Hand-written notes — obligations to pay to the note’s owner the indicated amount in metallic money — were considered as the first paper money. Such notes-obligations were first used by the Chinese in the 10th–11th c. The Chinese would leave heavy metallic money in shops and would get a note of the pledged amount, signed by the shop’s owner.
In Europe, the first paper money, equivalent to copper notes, as debt certificates for the metallic money left with the bank, was first issued in 1661 at the Bank of Sweden. While similar debt certificates of goldsmiths (receipts) were used in England and other European countries, Sweden’s copper notes became the first to be issued by the Bank and therefore are referred to as the first banknotes. Banknotes only became widespread after founding the Bank of England at the end of the 18th c. Its major activity was the issue of paper money — banknotes.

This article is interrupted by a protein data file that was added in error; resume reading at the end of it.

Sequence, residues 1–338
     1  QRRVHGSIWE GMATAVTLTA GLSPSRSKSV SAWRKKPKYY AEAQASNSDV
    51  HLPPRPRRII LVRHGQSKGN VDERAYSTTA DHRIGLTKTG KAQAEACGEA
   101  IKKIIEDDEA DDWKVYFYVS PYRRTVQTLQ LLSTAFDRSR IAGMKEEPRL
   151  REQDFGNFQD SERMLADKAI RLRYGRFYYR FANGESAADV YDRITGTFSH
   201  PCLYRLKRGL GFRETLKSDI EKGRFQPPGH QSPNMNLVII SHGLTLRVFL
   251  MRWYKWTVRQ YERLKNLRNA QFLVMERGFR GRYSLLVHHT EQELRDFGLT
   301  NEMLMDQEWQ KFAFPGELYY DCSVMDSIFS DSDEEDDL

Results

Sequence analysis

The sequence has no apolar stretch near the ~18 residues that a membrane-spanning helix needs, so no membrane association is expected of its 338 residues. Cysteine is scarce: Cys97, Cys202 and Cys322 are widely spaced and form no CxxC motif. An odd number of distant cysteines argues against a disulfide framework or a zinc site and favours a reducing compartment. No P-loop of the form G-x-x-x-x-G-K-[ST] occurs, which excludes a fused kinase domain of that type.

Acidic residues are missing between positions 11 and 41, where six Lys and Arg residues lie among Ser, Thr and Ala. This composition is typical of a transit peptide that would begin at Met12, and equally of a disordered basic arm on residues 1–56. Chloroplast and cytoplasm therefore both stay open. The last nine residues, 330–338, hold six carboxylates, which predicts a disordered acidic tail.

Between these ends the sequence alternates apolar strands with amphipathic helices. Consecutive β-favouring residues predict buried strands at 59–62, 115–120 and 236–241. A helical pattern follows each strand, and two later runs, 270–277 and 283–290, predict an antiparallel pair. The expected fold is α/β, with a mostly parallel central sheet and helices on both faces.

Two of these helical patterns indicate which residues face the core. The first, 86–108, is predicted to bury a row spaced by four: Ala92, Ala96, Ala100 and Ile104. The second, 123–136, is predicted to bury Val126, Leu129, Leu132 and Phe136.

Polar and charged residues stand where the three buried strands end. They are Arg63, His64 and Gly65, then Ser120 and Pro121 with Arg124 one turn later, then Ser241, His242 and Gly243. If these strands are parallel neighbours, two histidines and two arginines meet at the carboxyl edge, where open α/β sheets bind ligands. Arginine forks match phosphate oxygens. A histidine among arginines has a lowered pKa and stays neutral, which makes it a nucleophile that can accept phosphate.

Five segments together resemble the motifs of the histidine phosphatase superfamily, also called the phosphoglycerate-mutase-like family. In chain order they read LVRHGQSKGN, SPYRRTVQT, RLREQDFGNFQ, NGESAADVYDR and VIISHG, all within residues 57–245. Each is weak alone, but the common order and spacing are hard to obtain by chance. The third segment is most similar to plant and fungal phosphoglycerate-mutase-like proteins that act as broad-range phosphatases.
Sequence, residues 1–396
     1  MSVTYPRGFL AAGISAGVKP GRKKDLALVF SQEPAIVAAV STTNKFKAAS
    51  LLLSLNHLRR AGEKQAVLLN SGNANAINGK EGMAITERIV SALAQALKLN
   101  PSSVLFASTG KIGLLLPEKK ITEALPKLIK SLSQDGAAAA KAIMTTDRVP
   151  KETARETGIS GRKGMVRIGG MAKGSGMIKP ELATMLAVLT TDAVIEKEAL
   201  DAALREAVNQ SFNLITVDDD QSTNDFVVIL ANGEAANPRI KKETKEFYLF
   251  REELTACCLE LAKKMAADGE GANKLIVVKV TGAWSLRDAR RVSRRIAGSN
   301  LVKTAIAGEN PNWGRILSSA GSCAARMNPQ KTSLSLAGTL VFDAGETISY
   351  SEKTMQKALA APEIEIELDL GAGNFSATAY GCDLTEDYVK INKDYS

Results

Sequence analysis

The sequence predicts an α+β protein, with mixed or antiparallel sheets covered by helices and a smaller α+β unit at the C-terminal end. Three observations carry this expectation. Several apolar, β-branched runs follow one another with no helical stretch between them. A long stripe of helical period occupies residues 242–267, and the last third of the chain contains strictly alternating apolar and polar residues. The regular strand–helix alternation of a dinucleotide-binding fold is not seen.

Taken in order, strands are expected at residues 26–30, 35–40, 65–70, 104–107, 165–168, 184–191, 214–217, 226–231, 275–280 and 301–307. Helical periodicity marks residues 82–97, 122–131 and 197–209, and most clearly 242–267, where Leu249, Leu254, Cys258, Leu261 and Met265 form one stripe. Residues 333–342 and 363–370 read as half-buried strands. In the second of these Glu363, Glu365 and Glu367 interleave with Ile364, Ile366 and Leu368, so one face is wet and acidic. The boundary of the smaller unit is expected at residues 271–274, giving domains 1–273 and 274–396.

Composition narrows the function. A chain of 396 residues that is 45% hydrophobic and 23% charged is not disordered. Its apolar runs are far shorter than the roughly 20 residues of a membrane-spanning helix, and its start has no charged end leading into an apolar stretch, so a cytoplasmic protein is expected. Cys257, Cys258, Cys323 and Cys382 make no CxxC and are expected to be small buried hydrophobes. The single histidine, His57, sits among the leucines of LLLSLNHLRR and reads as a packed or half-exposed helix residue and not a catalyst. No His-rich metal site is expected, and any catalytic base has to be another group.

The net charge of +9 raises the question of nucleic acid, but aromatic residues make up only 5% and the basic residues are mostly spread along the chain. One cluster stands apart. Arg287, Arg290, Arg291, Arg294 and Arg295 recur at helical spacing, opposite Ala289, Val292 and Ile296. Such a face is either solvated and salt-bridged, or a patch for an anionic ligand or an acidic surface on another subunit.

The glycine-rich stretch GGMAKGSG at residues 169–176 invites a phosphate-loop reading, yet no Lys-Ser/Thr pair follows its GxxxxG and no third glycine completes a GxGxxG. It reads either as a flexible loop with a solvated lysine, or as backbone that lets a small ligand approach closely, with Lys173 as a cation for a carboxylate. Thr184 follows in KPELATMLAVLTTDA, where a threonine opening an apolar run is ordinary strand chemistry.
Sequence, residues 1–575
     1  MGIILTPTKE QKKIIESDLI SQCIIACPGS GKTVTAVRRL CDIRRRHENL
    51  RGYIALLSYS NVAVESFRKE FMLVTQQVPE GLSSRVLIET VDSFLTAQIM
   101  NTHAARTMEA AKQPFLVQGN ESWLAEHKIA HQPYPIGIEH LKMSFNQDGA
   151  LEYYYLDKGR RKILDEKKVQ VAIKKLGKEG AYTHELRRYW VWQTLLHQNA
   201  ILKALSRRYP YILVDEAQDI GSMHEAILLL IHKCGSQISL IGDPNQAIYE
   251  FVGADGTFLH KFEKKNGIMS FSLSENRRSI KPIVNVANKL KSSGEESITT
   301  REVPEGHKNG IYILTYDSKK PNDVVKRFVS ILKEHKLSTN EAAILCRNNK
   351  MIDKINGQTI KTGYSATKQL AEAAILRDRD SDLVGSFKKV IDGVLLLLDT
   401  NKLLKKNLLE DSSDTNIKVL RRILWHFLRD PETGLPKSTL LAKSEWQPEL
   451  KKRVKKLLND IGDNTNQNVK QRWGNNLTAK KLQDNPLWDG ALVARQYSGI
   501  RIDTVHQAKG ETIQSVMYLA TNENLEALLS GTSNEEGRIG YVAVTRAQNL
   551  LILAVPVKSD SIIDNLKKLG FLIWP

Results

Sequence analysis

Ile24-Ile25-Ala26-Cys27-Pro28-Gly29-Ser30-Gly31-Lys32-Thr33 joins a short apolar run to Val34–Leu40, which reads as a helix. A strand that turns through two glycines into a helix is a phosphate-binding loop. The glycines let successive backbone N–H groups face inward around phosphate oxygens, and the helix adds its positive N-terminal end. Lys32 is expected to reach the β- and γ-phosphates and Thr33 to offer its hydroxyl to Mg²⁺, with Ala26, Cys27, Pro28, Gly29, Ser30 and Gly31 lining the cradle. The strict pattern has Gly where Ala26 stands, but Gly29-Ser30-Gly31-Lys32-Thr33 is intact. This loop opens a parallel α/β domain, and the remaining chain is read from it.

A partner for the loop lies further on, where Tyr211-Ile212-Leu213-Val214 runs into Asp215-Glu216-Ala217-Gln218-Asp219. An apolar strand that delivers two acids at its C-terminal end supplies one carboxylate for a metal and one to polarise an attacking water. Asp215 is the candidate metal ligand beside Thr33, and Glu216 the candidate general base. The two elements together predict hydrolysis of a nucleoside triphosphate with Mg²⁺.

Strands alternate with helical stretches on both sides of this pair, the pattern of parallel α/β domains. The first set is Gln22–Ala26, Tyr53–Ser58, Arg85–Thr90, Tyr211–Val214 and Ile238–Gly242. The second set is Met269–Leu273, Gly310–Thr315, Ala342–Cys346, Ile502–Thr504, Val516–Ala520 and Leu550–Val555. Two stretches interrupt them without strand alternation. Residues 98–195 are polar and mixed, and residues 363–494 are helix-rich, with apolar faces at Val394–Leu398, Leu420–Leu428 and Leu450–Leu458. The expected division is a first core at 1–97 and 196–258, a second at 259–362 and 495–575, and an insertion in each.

The first paper money in the territory of Lithuania were the treasury notes of the 1794 T. Kosciuszko Uprising. In 1794, the rebels’ leadership — the National Supreme Council, with a view to strengthening its financial position and paying out salaries to the soldiers, issued into circulation one-sided treasury notes in 11 denominations, which were printed in Holland. They were the first paper money, which only existed until the end of the Uprising.